Media ethics & the Anders Behring Breivik trial
Killer Anders Behring Breivik's testimony should be broadcast live to deter extremism, argues Anne Ardem, executive editor at Norwegian state broadcaster NRK
Two friends comfort each other as thousands of people gather at a memorial vigil following extremist attacks on July 22 2011 in Oslo, Norway. (Photo by Paula Bronstein/Getty Images.)
Maryam Omidi: The Anders Behring Breivik trial is under way. Can you start by telling me how the NRK, that’s the Norwegian state broadcaster, has decided to cover the trial?
Anne Ardem: The trial is being covered widely in Norway. There was live television coverage of the opening day of the trial on Monday [16th April 2012] from the court, mainly of the formalities. The prosecutor read out what he plans to do and it was transmitted live on television by the NRK. But we turned down the sound for the Norwegian audience when there were sensitive descriptions of the wounds and the autopsies. However, I believe that this was not the case outside the Nordic countries. As the trial moves on, the coverage from the NRK is still massive with live broadcasts from a studio outside the court during the day and reporters inside the court producing stories for radio, television and the internet.
MO: So does that present a problem for you? When one media outlet decides not to broadcast something for ethical reasons but another goes ahead, in the age of the internet, does that undermine your decision?
AA: In some ways yes. On the other hand, all Nordic countries as far as I know reached the same decision and our audience mainly watches our broadcasts. If you want to find something on the internet you will always be able to do so. So yes it’s a problem but not a big one. We prefer having a clear conscience about what we broadcast. Now we’re on the fourth day of the trial and we are only allowed to broadcast the killer when he walks into the courtroom and when he sits down, and when the judge opens the case. Then we will go off air from the courtroom and provide live coverage on the internet, almost word for word.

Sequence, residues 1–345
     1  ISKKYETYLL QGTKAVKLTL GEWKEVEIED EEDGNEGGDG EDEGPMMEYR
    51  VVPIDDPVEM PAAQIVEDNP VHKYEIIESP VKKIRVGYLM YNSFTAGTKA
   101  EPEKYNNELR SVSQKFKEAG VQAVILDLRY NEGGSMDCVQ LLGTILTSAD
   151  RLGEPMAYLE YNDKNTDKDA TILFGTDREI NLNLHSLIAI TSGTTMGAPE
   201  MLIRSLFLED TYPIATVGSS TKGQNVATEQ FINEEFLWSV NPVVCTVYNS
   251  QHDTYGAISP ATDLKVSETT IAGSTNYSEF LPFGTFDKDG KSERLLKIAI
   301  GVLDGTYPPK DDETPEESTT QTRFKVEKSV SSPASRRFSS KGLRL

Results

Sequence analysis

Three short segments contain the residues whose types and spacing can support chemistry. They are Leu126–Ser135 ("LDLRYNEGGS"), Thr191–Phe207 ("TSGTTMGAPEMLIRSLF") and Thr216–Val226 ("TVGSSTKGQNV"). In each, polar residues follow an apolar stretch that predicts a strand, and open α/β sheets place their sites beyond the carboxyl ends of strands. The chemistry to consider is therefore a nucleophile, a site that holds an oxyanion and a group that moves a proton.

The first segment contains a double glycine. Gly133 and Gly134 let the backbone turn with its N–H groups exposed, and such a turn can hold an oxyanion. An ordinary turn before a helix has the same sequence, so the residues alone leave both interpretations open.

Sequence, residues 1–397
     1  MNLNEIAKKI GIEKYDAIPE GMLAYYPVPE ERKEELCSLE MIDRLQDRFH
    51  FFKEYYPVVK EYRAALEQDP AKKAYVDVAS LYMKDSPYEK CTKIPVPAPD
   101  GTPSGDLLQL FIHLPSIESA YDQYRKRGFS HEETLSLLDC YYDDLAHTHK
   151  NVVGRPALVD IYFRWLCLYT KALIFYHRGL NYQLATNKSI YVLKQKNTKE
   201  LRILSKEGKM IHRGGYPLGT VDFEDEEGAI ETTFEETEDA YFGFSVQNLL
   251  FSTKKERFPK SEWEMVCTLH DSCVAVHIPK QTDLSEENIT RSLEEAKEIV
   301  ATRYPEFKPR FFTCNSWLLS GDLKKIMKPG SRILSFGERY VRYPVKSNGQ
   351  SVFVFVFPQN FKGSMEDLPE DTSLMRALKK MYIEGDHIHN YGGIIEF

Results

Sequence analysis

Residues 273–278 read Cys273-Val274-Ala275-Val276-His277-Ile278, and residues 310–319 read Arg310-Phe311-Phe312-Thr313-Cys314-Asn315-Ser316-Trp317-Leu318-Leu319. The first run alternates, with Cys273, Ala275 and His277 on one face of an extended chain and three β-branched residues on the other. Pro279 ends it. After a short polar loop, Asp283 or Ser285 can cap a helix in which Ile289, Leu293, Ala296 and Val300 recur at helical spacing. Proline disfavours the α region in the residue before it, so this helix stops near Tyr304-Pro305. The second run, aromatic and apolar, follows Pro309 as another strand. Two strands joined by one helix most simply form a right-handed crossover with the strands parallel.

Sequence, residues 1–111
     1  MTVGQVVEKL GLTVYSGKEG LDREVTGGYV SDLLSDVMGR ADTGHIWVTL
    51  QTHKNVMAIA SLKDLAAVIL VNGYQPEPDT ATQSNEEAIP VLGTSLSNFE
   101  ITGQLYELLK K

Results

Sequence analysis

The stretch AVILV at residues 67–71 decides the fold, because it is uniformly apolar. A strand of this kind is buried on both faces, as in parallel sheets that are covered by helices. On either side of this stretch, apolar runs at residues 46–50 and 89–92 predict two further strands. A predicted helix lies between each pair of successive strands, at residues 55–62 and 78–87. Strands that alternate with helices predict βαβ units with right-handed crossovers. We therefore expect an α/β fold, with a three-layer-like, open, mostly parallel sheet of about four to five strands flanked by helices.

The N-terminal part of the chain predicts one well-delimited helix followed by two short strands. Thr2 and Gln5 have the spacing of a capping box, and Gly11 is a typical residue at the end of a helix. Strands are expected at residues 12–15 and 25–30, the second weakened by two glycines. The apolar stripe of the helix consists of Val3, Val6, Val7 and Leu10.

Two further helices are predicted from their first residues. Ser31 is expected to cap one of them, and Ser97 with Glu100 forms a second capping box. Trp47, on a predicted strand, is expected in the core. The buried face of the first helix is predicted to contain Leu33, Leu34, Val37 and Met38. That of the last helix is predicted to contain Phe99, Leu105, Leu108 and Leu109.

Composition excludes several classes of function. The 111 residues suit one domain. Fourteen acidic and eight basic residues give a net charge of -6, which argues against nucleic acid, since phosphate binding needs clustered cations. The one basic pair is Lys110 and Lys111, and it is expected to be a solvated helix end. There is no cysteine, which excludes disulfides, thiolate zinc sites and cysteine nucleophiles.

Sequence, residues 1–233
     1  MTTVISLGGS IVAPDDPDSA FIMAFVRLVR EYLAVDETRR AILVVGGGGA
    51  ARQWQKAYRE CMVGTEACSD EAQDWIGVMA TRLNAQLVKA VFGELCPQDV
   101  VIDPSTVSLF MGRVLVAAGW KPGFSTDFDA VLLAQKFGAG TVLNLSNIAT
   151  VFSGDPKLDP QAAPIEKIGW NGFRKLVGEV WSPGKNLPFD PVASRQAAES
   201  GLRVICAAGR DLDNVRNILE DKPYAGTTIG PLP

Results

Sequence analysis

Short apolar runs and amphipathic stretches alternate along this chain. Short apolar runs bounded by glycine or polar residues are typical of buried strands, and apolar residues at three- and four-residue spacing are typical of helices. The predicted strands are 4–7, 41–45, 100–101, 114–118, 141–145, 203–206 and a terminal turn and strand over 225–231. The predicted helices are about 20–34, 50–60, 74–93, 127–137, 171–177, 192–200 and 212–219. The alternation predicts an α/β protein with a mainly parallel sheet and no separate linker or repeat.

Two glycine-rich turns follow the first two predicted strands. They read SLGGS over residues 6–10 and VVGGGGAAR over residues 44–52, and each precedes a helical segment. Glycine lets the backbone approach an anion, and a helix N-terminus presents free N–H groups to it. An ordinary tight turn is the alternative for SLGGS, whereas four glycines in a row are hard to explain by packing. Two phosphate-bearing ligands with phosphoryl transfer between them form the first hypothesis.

MO: So Breivik’s testimony isn’t being broadcast live?
AA: The judge said no to that, so there is no live broadcast on radio or television but instead through a moderator who gives transcripts live on the internet.
MO: When you say moderator, you mean someone is censoring?
AA: Yes, in a way, to protect some of the survivors by not giving out too many details about the wounds for instance. And because we want to protect the families of the deceased we don’t want to provide too much detail about the autopsies. But Breivik’s testimony on the other hand has been reported quite accurately. There are several newspapers such as NRK who have journalists in the courtroom and they’re writing everything down. As we speak now I’m reading that he’s saying that he gave his weapons names from the Nordic era, the Viking era. Also reporters from several other Norwegian and foreign media are doing the same. The journalists are reporting live from that for newspapers. Our editor is also there because we don’t want to broadcast all of the details. As I said, our main reason for censoring is to protect the victims.
MO: What about coverage of him expressing his quite extreme views? What’s your stance on that?
AA: It’s been a big discussion in Norway. Many media including NRK would like to broadcast his statement live on television and web TV because we think it is, yes, quite ugly stuff, but we think it’s important that the audience gets to hear it. In many ways it’s also extremely stupid. He contradicts himself several times and he has problems explaining himself. We are not afraid of showing that but the courts have made a decision that they don’t want it to be broadcast live because they don’t want to give him a platform to preach.
MO: But you don’t agree with the court’s decision?
AA: No, no I don’t. I’m more afraid of hiding it. I think it’s important to get it open, to get it out. I think that’s been one of the problems. Breivik and some of his friends have been talking to each other on the internet, feeling neglected and feeling that they can’t discuss their views in the open. They have felt the need to hide and that’s not a good thing. I think that that’s more dangerous than getting it out. There will always been some fanatics who will believe his message to be a good one but they will be in the minority. And because this trial is as much about him being declared sane or insane, we believe its important for the public to be given the option of seeing for themselves.
MO: So you think his testimony will actually be bad PR rather than good PR for similar rightwing extremist views?
AA: Mostly yes because he’s presenting himself in quite a pathetic way. He calls himself a Knights Templar and a freedom fighter and all that bullshit, and I think that’s okay to see. He’s very particular in how he’s responding, correcting the judge all the time. It’s very weird following the transcript from court. Very weird.